Special considerations in treating bipolar disorder in women


  • Dr. Burt has been on speaker/advisory boards for Eli Lilly, GlaxoSmithKline, Wyeth Ayerst, Forest Pharmaceuticals, Pfizer Pharmaceuticals, Bristol-Meyers Squibb, and AstraZeneka, and has been a consultant for Eli Lilly and has received grant/research support from Solvay Pharmaceuticals and Bristol-Meyers Squibb. Dr. Rasgon has been on speaker boards for Abbott Pharmaceuticals, Forest Pharmaceuticals, Pfizer Pharmaceuticals, GlaxoSmithKline, and Wyeth-Ayerst, and has received grant support from Forest Pharmaceuticals.

Vivien K. Burt MD, PhD, David Geffen School of Medicine at UCLA, Director, Women's Life Center, UCLA Neuropsychiatric Institute and Hospital, 300 UCLA Medical Plaza, Suite 2337, Los Angeles, CA 90095, USA.
Fax: 310 824 5750;
e-mail: vburt@mednet.ucla.edu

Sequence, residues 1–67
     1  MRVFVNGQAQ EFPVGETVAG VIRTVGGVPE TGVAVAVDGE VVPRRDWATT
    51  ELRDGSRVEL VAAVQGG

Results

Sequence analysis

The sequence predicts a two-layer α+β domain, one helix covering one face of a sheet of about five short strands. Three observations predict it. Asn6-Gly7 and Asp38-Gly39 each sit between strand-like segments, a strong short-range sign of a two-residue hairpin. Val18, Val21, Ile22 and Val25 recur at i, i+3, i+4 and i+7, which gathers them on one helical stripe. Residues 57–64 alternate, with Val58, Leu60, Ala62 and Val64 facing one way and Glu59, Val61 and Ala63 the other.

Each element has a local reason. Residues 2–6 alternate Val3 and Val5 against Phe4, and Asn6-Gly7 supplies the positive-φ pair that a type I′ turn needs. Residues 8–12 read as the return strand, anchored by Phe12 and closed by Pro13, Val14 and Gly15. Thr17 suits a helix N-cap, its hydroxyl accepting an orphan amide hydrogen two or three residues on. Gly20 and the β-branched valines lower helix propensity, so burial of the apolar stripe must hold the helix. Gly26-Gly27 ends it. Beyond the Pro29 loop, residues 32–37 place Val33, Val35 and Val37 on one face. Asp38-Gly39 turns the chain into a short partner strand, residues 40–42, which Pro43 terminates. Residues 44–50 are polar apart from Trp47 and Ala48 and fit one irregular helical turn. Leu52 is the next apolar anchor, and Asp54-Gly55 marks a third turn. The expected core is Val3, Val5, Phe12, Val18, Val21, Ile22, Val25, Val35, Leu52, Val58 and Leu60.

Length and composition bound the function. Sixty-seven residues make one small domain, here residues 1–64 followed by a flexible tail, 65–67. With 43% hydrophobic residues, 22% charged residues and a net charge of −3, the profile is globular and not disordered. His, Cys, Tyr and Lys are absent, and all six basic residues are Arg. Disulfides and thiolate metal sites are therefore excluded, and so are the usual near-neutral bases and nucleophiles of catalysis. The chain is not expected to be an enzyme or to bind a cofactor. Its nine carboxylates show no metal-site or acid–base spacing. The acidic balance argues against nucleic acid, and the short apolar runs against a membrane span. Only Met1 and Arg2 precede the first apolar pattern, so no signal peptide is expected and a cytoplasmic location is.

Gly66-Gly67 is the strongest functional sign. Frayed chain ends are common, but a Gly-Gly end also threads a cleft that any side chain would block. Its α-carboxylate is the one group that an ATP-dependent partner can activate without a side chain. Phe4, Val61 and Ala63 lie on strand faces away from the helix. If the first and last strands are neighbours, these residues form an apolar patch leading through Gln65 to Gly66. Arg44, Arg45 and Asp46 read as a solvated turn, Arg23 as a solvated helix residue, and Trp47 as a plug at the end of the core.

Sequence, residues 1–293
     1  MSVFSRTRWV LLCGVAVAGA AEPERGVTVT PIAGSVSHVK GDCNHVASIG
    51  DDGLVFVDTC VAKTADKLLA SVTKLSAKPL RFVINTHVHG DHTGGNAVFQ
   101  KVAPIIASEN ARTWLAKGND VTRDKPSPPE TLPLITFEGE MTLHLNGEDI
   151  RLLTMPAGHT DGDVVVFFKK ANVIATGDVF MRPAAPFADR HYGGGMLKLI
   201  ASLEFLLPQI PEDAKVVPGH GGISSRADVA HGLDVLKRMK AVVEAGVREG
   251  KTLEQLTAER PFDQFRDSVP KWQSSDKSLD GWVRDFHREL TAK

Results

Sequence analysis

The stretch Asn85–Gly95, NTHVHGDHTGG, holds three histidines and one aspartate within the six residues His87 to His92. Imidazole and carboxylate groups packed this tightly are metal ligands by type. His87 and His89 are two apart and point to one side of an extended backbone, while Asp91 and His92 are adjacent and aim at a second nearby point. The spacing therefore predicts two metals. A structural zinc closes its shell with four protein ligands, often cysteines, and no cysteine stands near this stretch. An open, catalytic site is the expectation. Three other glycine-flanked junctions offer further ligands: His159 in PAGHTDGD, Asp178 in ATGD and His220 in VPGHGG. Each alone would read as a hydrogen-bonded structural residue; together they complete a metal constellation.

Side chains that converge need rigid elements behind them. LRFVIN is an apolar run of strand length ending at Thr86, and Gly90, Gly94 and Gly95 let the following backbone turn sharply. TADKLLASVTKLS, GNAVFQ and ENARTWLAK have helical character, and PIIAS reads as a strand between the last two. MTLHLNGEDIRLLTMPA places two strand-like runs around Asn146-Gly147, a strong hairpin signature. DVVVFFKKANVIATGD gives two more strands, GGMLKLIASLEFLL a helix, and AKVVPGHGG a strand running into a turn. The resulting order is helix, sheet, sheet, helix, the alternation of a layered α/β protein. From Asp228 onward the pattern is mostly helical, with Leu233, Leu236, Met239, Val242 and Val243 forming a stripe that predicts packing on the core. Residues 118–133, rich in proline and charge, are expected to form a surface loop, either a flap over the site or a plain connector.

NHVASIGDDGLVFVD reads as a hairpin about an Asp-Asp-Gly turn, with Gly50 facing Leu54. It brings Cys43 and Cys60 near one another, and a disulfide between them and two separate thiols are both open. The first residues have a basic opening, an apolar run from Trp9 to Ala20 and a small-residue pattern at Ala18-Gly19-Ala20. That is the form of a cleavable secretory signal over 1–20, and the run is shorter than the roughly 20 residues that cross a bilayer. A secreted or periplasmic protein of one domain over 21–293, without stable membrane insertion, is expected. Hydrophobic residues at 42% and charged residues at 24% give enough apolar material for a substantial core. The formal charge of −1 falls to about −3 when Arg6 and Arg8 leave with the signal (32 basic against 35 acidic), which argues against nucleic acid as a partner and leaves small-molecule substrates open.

There are obvious gaps in research surrounding issues specific to women who suffer from bipolar disorder, including gender differences and their implications for management, the impact of the reproductive cycle, and evidence based treatment guidelines for pregnancy and the postpartum period. Gender differences have not been reported for the prevalence of bipolar disorder; however, women are more likely to experience rapid cycling, mixed mania, and antidepressant-induced manias. This may affect response to treatment, which has been found, in some cases, to differ in men and women. In addition, side effects in response to treatments may well differ in men and women, especially with regard to lithium and valproate prescription. The course of bipolar disorder in women may be influenced by the menstrual cycle, pregnancy, the postpartum period, and menopause, although many issues require further clarification. Treatment of bipolar disorder during pregnancy and the postmenopausal period requires careful consideration, as does treatment during the childbearing years, as some mood stabilizers influence the metabolism of oral contraceptives. This review article has attempted to evaluate existing literature regarding women with bipolar disorder in a comprehensive and critical way, and to consolidate into a single source the gender-specific aspects of the disorder that may have treatment implications for women.